OS’s Kernel know nothing about these objects. It’s fully managed by the internal Swift’s concurrency library. You can consider it a new abstraction layer over the OS.
The Concurrency Library does its own cooperative multitasking to decide which tasks needs to be mapped to real threads. Every time we’re using the await statement, we’re telling to the library it’s someone els’s turn, giving up your actual thread.
This a model which maps M user threads onto N kernel threads.
This enables a large number (M) of user threads to be created, due to their light weight, which still allowing (N-way) parallelism.
Many other languages uses this model to create lightweight threads4.
The advantage over using one thread for each task (kernel only threading) is that you consume less resources, like memory (both virtual and physical) and kernel objects. You also get less context switches, which increases performance (in the ideal case, where you have as many running threads as you have processors, you may have almost no context switches).
The advantage over user only threading is that you can take advantage of multiple CPUs or multiple CPU cores. And if one task blocks, you can create another kernel thread to use the available CPU more efficiently.
A disadvantage over kernel only scheduling is possibly bigger latency: if all the threads in the pool are busy and you add new short task, you may wait a long time before it starts executing.
In the best case scenario that what previously would have required many many and expensive real threads, each running for a short period of time, now requires only a tiny number of real threads.
Moreover they all run for as long as the kernel will let them, minimizing both memory overhead and therefore the switching cost.
Since this topic is somewhat off-topic, I will briefly mention the concept of thread explosion, leaving links to two articles that delve into the issue at the end.
As we said context switch has a performance cost. When this happens a lot (you create manu more threads compared to the number of available CPU cores) the context switching grows high: this event is called threads explosion.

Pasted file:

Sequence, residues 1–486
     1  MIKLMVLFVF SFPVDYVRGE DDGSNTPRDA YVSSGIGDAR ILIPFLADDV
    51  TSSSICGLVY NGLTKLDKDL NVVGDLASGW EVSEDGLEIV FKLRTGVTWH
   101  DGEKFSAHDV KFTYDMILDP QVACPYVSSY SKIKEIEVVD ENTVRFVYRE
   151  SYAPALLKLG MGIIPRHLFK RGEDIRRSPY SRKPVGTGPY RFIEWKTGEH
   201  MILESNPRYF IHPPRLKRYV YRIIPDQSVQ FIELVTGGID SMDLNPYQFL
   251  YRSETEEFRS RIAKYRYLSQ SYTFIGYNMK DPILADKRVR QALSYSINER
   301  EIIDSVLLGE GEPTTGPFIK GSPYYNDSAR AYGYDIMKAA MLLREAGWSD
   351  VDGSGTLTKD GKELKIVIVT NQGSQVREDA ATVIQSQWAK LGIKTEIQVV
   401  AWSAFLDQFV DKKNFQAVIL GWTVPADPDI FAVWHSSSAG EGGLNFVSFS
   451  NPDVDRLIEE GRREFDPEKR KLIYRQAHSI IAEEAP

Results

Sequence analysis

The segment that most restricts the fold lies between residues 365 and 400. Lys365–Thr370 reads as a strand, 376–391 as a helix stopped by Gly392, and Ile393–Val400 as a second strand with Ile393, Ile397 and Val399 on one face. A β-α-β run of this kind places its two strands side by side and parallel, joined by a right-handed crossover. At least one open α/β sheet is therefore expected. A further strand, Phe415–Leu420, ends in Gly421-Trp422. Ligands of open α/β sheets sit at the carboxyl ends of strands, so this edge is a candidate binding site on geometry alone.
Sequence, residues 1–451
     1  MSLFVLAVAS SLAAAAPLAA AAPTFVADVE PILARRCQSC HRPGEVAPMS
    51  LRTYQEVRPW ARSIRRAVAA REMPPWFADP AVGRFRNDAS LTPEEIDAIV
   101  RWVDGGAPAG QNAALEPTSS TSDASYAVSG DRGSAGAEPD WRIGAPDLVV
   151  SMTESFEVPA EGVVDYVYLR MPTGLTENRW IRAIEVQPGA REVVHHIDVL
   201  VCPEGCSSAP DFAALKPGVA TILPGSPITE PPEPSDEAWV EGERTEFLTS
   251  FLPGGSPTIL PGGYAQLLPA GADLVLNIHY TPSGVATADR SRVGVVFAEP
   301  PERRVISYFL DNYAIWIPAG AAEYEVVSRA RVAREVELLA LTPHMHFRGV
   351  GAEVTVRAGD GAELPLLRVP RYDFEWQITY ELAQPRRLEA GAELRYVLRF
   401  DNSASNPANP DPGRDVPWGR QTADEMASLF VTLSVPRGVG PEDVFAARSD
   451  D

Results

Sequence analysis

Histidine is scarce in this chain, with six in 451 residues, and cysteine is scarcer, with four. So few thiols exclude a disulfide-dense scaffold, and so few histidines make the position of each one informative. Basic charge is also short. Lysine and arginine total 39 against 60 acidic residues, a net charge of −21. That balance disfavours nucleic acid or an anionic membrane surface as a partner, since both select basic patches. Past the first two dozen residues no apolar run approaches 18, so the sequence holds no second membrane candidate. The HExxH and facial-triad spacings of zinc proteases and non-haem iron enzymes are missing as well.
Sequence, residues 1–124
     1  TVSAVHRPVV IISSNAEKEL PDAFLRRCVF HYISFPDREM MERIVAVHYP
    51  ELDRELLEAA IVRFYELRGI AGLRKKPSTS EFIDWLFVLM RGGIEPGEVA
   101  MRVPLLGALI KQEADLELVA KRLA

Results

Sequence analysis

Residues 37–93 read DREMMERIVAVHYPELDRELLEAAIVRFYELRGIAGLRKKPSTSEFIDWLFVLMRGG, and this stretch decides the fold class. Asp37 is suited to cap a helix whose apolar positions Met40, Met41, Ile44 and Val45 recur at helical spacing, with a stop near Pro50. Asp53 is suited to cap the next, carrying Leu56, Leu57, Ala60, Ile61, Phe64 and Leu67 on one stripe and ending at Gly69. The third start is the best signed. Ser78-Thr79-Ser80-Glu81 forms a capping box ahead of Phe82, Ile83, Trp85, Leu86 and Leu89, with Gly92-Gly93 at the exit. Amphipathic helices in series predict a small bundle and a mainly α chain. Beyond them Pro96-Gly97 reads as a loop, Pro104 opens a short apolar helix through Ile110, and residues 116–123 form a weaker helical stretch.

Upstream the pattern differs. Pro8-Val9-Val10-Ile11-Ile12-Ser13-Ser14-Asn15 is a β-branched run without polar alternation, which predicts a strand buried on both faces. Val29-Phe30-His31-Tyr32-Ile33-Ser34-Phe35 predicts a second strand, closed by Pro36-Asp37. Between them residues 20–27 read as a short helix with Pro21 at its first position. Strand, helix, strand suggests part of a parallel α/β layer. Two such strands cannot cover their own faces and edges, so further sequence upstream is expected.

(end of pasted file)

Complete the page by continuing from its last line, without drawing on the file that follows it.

This lead to some issues like:
Memory overhead: each blocked thread is holding onto valuable memory and resources while waiting to run again.
Scheduling overhead - as new threads are brought up, the CPU need to perform a full thread context switch in order to switch away from the old thread to start executing the new thread. With limited cores and a lot of threads, the scheduling latencies of these threads outweigh the amount of useful work they would do, therefore, resulting in the CPU running less efficiently as well.
While Swift Concurrency is doing a pretty good job of preventing thread explosion, we cannot deny the fact that it will cause a very significant bottleneck in some cases.
If you want to know more about this topic you can watch the WWDC21 Session “Behind the scenes” and read this interesting article by Senpai “Swift Concurrency vs Thread Explosion”.
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The vast majority of computer processor has the following registers:
PC (Program Counter) which keeps track of the memory address of the next instruction to be fetched and executed.
IR (Instruction Register) which holds the currently fetched instruction being executed.
ACC (Accumulator) a general purpose register used to store intermediate results during arithmetic/logical operations.
General Purpose Registers (R0, R1…) used by the programmer to store data during calculations.
AR (Address Registers) store memory addresses for data access or for transferring data between different memory locations.
SP (Stack Pointer) it contains the pointer to the top of the stack, a region of memory used for temporary storage during function calls and operations.
DR (Data Registers) store data fetched from memory or from I/O
SR (Status Registers) contains individual bits that indicate the outcome of operation (carry, overflow, zero results…)
CR (Control Registers) manage various control settings and parameters related to the CPU's operation.